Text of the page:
Each meeting should end with an agreed Action Plan (or updated Action Plan where appropriate) outlining who will do what? by when? to address the needs and concerns that have been raised and agreed as important. The meeting will also agree date of next meeting to discuss progress on desired outcomes

Criteria for convening a TAC or TAF multi-agency meeting

A multi-agency meeting will be called in any of the following circumstances:

  • the family/child/young person’s needs cannot be met from within the agency’s own resources and the need or concern remains
  • the completion of a Common Assessment has identified needs which require a multi-agency response
  • following consultation with other agencies when it is found that they may be able to offer assistance, or they may direct towards other services to either meet the need or help to reduce the level of concerns
  • telephone sharing of information is not enough
  • the parents agree to the multi-agency meeting taking place.

Meetings with the child/family should be kept to a minimum and have a clear purpose.

Chairing the TAC or TAF multi-agency meeting

The convening agency will have arranged from among those attending who should chair the multi-agency meeting. This should be someone who is used to chairing meetings of a similar type, and must ensure that the meeting focuses on the needs of the child or young person. The Chair should have knowledge of  Child Protection procedures. The convening agency also undertakes to steer the business of the meeting and should normally have presented their concerns and their involvement so far by having shared a copy of the Common Assessment record, prior to the meeting, with all those invited to attend.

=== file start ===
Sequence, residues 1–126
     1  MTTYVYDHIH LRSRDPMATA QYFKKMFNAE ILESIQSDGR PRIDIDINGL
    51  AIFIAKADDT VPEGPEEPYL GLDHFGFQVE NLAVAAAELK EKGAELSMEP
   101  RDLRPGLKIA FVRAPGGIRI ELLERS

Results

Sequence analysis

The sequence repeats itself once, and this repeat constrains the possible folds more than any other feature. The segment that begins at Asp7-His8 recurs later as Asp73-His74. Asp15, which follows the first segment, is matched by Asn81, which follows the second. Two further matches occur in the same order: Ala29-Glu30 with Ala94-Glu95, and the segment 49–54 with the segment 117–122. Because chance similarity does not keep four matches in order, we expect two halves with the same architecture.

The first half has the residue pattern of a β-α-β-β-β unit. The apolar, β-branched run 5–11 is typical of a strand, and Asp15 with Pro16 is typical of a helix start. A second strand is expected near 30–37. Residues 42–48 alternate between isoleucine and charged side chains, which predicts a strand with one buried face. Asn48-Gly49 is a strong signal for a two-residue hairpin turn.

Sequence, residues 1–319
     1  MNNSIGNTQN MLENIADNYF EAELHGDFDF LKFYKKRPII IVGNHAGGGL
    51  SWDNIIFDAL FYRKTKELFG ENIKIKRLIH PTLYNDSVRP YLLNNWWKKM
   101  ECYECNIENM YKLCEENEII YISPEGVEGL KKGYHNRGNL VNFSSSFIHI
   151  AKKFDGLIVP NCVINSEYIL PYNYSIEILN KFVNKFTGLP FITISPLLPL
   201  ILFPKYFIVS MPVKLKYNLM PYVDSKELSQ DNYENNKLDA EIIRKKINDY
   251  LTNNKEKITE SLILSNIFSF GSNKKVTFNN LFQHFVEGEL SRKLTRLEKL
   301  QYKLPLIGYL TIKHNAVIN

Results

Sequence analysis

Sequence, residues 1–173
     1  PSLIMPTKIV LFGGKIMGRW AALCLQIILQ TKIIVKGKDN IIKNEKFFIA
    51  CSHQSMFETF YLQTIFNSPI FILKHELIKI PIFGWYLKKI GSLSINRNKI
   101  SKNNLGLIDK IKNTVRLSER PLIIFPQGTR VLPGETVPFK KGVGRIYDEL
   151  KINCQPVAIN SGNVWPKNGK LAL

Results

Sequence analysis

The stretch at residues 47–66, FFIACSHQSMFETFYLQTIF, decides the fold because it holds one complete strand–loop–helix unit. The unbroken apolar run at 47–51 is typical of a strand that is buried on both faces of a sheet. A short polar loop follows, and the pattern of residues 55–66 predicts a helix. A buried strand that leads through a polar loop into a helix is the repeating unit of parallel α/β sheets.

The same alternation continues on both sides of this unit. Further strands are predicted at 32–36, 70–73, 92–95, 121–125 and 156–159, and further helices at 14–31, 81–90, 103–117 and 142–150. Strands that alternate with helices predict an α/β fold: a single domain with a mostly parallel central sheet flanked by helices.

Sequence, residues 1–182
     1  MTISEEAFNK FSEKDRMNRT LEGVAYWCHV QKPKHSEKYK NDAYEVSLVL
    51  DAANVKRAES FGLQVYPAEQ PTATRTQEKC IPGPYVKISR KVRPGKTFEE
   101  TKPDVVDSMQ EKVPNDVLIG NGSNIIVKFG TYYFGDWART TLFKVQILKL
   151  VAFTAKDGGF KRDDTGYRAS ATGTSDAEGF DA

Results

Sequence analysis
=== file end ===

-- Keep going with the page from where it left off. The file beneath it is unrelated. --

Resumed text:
Administration and Recording

The CASA Episode record comprises the original Merton CASA form, supported by all subsequent Merton CASA Review forms, and the CASA Action Plan and Web of Changes form which get updated through all the review stages. This complete Common Assessment record must be shared with all those that were invited to attend the meeting, regardless of whether or not they attended.